The future of Android: New compatibility requirements push for a more unified Android experience
The company recently pushed out the latest version of the Android compatibility definition document, which outlines the rules Android manufacturers are supposed to play by. It reveals a lot about the many different ways Google is going to nudge everyone who makes hardware to play by the same set of rules.
Why this matters: This Android document gives a lot of clues to the future of Android. It reveals that Google is making a number of steps to try and rein in an ecosystem that can sometimes go rogue given how different manufacturers fiddle with Android.
Fast charging standards
USB-C was supposed to usher in an era of easy and compatible charging. Instead it’s been kind of a mess, particularly with fast charging. To fix this, it’s now “strongly recommended” that device makers don’t push proprietary standards, such as Qualcomm’s Quick Charge 3.0. Additionally, the document says that eventually Android may require interoperability with standard chargers. Notice served that Google wants to push a future of better charging compatibility.
Something called “Android Extensions” could be another shot against fragmentation. Ars Technica theorizes that Google could use this to push APIs from the Android Open Source Project directly. This would work much the way that Google Play Services can be updated without going through the lengthy Android update process. OEMs wouldn’t be allowed to tinker or customize this in any way. It’s a complex feature, and one we’ll have to learn more about over time as it’s implemented.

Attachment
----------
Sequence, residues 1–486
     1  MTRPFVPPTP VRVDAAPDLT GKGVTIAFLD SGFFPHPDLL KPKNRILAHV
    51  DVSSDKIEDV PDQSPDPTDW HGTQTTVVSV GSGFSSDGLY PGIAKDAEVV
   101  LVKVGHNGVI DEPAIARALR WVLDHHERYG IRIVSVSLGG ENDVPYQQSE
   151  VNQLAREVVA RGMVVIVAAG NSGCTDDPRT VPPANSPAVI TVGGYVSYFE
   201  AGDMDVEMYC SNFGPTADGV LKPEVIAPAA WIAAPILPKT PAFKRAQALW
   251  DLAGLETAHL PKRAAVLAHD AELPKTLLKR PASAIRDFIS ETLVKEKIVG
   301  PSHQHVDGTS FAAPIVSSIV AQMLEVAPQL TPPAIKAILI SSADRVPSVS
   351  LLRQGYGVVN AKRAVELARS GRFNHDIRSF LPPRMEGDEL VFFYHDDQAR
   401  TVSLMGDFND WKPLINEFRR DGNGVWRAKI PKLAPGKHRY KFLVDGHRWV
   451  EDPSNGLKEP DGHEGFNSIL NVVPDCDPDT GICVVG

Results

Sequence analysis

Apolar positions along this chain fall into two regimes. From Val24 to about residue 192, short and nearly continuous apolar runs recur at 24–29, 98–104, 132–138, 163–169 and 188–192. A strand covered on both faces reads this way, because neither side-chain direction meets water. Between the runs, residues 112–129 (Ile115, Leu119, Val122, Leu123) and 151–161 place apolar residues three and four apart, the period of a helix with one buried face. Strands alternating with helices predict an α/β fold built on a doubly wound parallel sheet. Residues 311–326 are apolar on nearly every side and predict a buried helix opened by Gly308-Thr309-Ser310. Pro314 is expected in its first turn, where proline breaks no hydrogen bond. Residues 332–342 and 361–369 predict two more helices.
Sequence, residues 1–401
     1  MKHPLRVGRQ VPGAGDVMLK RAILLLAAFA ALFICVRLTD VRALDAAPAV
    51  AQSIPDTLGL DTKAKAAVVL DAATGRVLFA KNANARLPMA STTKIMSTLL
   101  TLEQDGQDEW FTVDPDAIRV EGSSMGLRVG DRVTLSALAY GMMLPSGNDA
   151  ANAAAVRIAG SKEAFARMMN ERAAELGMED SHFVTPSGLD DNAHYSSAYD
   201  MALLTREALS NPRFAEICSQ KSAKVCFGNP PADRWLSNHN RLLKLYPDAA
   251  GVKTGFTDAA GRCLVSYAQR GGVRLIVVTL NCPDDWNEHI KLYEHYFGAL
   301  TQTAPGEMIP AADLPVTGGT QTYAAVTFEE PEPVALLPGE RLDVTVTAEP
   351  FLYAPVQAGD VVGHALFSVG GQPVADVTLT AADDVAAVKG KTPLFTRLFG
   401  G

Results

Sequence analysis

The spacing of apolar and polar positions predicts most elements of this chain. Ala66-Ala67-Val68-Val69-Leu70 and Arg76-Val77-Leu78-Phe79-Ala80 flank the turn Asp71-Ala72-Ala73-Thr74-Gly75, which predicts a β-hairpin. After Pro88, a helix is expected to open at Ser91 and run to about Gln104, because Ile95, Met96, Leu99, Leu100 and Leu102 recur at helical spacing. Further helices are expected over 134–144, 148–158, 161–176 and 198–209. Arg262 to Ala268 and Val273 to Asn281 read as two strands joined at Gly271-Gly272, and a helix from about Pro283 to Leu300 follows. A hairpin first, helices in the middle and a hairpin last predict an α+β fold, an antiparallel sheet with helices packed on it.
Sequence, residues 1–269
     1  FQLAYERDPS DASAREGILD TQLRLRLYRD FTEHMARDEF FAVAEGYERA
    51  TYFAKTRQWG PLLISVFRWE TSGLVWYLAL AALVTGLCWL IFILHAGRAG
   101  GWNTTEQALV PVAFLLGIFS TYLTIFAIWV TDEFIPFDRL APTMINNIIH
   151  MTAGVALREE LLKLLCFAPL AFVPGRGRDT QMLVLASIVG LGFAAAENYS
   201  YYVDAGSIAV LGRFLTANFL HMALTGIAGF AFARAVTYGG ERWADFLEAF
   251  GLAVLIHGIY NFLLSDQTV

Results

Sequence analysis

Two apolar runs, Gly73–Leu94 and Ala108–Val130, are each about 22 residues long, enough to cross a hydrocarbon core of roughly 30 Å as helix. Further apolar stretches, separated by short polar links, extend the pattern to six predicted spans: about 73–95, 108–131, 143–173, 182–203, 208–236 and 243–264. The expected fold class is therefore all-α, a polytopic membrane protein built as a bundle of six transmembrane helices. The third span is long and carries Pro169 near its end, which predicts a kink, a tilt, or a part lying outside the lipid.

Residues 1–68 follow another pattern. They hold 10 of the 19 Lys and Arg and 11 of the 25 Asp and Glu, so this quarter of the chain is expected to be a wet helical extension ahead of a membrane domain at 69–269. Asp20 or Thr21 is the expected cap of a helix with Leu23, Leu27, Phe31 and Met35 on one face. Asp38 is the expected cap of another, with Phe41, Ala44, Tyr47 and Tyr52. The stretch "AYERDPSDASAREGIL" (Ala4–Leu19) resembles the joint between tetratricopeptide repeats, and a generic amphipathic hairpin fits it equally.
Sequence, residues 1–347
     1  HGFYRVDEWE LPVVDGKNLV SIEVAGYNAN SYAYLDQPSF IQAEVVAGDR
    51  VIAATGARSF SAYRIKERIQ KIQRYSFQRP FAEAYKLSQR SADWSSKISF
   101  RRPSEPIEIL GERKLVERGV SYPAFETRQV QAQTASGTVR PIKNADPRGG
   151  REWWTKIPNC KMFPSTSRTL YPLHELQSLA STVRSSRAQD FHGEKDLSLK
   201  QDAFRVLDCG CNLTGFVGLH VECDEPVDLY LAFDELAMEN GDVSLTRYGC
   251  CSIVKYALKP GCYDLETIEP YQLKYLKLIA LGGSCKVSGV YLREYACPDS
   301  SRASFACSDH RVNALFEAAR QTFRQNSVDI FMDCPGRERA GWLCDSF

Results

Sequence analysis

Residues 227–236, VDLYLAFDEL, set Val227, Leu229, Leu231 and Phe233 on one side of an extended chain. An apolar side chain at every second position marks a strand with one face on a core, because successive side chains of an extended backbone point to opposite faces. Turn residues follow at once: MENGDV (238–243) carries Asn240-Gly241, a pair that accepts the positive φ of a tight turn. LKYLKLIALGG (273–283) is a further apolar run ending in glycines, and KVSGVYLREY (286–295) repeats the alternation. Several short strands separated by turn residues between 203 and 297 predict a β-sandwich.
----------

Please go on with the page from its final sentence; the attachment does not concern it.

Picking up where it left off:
A proper multi-window mode finally arrived with Nougat, but now it looks like there’s more pressure to actually do it in a less proprietary way. The document includes the following:
A device implementation MAY choose not to implement any multi-window modes, but if it has the capability to display multiple activities at the same time it MUST implement such multi-window mode(s) in accordance with the application behaviors and APIs described in the Android SDK multi-window mode support documentation and meet the following requirements.
One place to watch this is for the Nougat beta, which Samsung is rolling out now to Galaxy S7 and S7 Edge devices.
This will be good for application developers, who don’t want to support several different multi-window APIs, modes, and features.
Additionally, all Android manufacturers must implement some type of call blocking. This includes a tool for you to manage which calls are blocked. Many phones do this already, but Google’s making sure all Android users will have this basic feature.